Cookies were my link into the Labor Ward. Yup. More than one year of prayer and dreaming and trainings and planning. It was cookies that got the dream realized. (ok and a lot of God!)
Homemade baked goods are everyone’s weakness, including mine. Previous blog posts have covered this topic several times about the woes of my love for sugar, yet desire to surmount it. [Note: My sister Gail Madill has seriously stumbled into some ways to battle the sugar cravings. Life-changing stuff. See her Facebook page or website.] Needless to say, sugary, sweet goodies are my weakness.
They are the kryptonite I repeatedly return to. My love for them is the cause of a few extra pounds, and headaches, or sugar comas. They make me do crazy things like eat half a bowl of brownie mix or have three pieces of cake for breakfast. There are few (I actually am struggling to think of another right now) vices that have captivated and controlled me quite so wholly as this one. In short, you might say it’s my greatest weakness.
Yet. Yet The Lord has seen fit to use my greatest weakness for Something. First, I saw it in the Labor Ward invitation. And now, it came in the shape of a cake.
A few weeks ago, our teeny little church planned for visitors. Some folks from our “mother” church were coming for a meeting concerning church matters – like committee and service times. Our little group of usually five families churned out quite a production. We gathered before church to cook rice, recently-slaughtered chickens, cabbage stew, spinach stew, and make beet salad. In my mind, we needed a cake. And I had a mix at home I had needed to use at home, plus, a newly purchased oven. There was 1.5 hrs left before the visitors came and everything was stewing along nicely; so I proposed it, and the ladies agreed.
I popped home, and whipped up two lopsided cakes (apparently the oven wasn’t level!) in no time. Splashing some icing on top, I piled the covered cakes on a platter, hoisted it to my head (for this IS how you carry things to church) and walked the five minutes back to the building.
Shock and awe could describe people’s reactions. The visitors. The church body. Women. Men. Children. No one expected a cake. No one bakes cakes or has ovens (save that one family with a cob oven) or money for the special cake ingredients. They didn’t even realize that sometimes you make cakes from box-mixes, so I wasn’t even sure what type of flour, or how much bicarbonate of soda went into the mix. Who would have thought?!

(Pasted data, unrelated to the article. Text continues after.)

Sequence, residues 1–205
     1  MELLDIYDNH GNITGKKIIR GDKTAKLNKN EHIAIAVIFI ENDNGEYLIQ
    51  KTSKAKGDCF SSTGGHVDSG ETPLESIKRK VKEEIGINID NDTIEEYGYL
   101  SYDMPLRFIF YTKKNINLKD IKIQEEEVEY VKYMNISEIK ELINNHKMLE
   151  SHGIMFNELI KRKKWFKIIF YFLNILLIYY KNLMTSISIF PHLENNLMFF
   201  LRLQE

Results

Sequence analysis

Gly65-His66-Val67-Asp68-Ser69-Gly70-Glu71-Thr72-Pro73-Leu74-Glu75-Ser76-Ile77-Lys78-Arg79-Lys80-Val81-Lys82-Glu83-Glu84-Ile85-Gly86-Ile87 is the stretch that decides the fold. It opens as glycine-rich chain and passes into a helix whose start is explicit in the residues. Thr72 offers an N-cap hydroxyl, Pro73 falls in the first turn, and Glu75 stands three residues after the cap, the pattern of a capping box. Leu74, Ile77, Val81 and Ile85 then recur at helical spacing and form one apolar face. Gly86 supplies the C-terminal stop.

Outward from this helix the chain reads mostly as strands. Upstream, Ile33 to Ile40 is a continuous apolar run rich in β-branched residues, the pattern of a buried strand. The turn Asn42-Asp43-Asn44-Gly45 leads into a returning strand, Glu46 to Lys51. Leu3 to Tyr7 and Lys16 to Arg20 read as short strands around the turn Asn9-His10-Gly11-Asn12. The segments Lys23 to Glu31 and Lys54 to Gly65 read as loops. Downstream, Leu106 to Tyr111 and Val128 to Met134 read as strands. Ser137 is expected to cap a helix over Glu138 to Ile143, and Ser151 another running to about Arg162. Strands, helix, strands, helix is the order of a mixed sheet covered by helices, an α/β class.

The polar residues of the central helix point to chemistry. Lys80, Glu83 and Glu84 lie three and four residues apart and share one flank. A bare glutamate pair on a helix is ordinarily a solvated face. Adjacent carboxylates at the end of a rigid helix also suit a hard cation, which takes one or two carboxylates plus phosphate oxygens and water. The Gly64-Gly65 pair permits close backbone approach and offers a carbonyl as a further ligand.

Well, the surprise wasn’t over.
Before I came to Swaziland, one dear friend Lindsay thought of me during her Nurse Practitioner class. In deciding which country’s health profile to study, she chose Swaziland and sent me her magnum opus. I read it (okay MOST of it!), and was intrigued to find that the most compelling studies revealed three factors in the lives of HIV negative girls and young adults. It seemed that if these three factors existed in girls’ lives, they were HIV negative and well-educated:
1) a strong relationship with their mother. Makes sense. We learn our self-worth from our moms. How we expect men to treat us, how we think about our bodies, and even our attitudes towards relationships and sex come from our mothers’ teachings.
2) a reliable food supply. If we’re hungry, we’re less likely to perform well in school. We’re more likely to look for someone to feed us. In Swaziland, older men take advantage of this and become sugar daddies giving pocket money for food, clothes, or phones in exchange for sex from school-age girls.
3) education. Ah. The beginning and ending of most change in society. With knowledge comes girls’ awareness they can do more than sell fruit or their bodies. They learn to think fast and on their feet, and even learn about their bodies, how actually someone becomes pregnant, and how to debunk myths and lies told by oppressing men and mothers-in-laws. Plus reading, ‘riting, ‘rithmatics and high school diplomas, actually land you better-paying jobs. More food security. And on the cycle goes. It’s also observed that the higher a woman’s education, the less children she has. Greater are those children’s chances of food security and fees for schooling. Hence a broken cycle. Hope.